CLE has great advantage on microvascular imaging, since blood vessels of normal and cancerous mucosa have different characteristics under CLE [23]. At present, the cellular changes and the tissue and vascular structure of CLE in the diagnosis of gastric mucosal lesions were based on sodium fluorescein staining. A prospective study involving 1786 patients was carried out by Li et al. to evaluate the validity and reliability of the CLE in the identification of gastric superficial cancerous lesions. They found that CLE diagnosis for early gastric cancers had high sensitivity (88.1%) and specificity (98.6%) [24]. Kakeji et al. examined normal and 27 gastric cancer tissues ex vivo. Compared to histology outcomes, CLE had a high diagnostic accuracy of 96.4%, and the sensitivity and specificity were 92.6% and 100%, respectively [25]. Kitabatake et al. obtained in vivo CLE images from normal mucosa and cancerous lesions in 27 patients with EGC and demonstrated sensitivity of 81.8%, specificity of 97.6%, and accuracy of 94.2% [26].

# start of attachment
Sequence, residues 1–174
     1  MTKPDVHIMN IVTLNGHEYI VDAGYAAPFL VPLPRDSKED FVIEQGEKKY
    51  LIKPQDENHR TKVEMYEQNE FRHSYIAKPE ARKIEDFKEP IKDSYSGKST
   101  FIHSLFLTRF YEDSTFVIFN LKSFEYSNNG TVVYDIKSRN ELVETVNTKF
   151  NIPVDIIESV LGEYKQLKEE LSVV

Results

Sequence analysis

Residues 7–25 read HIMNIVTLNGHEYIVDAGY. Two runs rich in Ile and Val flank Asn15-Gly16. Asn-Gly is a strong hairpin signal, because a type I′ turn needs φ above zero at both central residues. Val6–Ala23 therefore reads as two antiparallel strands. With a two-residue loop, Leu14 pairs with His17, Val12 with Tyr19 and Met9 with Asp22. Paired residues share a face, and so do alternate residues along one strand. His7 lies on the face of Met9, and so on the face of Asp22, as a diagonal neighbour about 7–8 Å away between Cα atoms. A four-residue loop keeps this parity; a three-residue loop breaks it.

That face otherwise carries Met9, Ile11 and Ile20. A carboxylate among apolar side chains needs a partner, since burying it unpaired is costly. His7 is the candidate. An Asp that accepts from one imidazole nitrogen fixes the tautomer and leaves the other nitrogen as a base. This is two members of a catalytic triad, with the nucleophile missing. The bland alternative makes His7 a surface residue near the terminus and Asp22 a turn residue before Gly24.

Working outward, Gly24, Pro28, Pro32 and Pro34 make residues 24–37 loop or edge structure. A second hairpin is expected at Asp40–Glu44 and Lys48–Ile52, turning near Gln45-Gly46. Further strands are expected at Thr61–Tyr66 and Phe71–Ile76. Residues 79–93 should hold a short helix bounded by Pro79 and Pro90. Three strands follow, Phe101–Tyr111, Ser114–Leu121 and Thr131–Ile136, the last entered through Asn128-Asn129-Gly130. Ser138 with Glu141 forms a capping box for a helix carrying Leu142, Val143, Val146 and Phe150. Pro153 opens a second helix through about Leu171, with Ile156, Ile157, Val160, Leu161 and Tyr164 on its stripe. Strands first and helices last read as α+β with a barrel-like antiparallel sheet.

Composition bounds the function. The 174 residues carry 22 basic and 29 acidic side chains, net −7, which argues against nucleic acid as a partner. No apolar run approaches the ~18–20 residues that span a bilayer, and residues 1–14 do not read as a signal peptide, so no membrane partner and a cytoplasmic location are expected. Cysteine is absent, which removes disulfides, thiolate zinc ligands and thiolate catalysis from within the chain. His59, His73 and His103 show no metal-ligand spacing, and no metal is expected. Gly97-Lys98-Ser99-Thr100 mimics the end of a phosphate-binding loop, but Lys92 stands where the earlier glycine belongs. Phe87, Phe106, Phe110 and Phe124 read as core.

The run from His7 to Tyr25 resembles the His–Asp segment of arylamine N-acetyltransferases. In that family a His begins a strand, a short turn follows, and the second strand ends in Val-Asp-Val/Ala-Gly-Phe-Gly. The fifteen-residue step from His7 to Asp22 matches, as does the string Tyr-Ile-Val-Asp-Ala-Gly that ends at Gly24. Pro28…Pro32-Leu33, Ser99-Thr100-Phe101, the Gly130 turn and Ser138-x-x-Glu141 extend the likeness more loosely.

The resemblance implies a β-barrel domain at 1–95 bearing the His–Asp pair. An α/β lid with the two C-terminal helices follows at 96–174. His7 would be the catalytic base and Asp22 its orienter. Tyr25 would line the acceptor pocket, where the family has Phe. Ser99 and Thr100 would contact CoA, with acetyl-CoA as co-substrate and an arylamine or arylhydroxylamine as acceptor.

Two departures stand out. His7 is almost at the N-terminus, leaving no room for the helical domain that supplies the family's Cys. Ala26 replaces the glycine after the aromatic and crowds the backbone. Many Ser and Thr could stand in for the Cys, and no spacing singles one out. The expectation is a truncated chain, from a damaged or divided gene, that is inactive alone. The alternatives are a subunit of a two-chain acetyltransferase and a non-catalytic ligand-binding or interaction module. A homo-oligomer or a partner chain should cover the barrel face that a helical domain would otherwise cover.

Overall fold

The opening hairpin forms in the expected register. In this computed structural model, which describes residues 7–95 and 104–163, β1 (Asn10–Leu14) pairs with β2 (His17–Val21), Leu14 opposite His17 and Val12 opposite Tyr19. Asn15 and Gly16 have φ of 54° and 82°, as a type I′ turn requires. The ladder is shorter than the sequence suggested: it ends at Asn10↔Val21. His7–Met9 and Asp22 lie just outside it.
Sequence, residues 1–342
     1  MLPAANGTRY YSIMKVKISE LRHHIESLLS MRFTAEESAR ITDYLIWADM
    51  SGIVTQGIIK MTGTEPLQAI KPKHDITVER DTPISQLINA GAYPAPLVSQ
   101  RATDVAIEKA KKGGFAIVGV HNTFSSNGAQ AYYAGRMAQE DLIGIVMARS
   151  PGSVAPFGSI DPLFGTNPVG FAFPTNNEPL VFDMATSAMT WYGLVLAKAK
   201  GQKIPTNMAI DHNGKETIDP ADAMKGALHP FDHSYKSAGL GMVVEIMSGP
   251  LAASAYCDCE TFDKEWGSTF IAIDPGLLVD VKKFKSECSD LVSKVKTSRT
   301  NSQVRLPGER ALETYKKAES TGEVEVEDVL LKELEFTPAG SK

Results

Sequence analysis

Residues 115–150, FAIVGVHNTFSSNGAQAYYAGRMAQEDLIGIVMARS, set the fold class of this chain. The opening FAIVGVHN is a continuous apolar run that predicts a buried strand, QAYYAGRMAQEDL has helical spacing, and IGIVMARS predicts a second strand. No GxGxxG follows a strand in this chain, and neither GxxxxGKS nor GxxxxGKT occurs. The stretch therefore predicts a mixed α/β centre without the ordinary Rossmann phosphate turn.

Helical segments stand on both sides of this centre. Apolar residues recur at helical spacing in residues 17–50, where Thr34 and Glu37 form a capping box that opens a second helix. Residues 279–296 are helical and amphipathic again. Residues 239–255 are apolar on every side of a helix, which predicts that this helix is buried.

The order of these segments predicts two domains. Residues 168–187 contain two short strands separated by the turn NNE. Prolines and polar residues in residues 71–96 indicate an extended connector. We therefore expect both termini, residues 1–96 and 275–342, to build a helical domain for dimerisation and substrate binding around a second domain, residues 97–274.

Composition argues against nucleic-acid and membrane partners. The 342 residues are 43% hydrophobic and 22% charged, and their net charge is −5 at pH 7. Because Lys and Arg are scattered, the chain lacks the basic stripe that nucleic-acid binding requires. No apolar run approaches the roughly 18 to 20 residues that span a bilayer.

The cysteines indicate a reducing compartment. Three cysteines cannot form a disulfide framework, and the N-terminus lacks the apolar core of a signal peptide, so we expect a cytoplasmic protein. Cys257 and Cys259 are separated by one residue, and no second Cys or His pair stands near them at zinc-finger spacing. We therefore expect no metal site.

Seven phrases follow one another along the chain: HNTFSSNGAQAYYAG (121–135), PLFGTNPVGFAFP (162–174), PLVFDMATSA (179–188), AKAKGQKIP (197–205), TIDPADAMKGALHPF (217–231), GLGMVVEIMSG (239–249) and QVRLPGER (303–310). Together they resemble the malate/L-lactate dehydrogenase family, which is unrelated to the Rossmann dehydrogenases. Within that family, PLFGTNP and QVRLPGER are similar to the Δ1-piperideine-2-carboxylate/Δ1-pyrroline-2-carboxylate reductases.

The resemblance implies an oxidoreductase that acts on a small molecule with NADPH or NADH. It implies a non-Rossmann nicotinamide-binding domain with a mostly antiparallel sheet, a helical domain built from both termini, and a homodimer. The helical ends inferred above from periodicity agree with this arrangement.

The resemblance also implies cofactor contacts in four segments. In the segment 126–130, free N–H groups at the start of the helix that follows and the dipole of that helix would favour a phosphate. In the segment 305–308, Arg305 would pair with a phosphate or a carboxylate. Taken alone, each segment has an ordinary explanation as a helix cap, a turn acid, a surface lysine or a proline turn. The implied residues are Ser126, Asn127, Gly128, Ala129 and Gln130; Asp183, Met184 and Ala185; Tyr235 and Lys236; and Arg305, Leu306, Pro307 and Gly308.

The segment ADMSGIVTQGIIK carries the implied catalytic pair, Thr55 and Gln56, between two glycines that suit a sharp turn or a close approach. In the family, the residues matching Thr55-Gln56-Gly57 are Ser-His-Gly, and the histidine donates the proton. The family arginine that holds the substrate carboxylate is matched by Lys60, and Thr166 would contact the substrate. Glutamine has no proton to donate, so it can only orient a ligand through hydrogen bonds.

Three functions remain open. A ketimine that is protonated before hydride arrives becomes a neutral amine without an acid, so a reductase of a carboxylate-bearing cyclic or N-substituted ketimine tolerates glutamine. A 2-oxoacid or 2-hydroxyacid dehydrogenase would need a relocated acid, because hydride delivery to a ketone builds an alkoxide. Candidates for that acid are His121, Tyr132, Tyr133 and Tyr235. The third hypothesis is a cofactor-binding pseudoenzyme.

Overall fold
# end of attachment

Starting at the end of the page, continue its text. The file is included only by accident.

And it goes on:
2.3. Endoscopic Treatment

The new NCCN guideline [27] recommended that EMR or ESD of early stage gastric cancer can be considered as adequate therapy when the lesion is ≤2 cm in diameter; it is shown on histopathology that it is well or moderately well differentiated, does not penetrate beyond the superficial submucosa, does not exhibit lymphovascular invasion, and has clear lateral and deep margins. But the guidelines did not specify when is EMR and when is ESD indicated.

The following are risk factors in case of endoscopic treatment: (1) failure of the lesion to lift after injection of saline into the submucosa (the nonlifting sign), (2) early gastric cancer with lymph node metastasis, (3) cancer invasion of the muscularis propria, and (4) severe coagulation dysfunction. Age is not a risk factor, except for severe organ failure. Anticoagulation should be stopped 5–7 days before the procedure [28].

2.4. Endoscopic Mucosal Resection (EMR)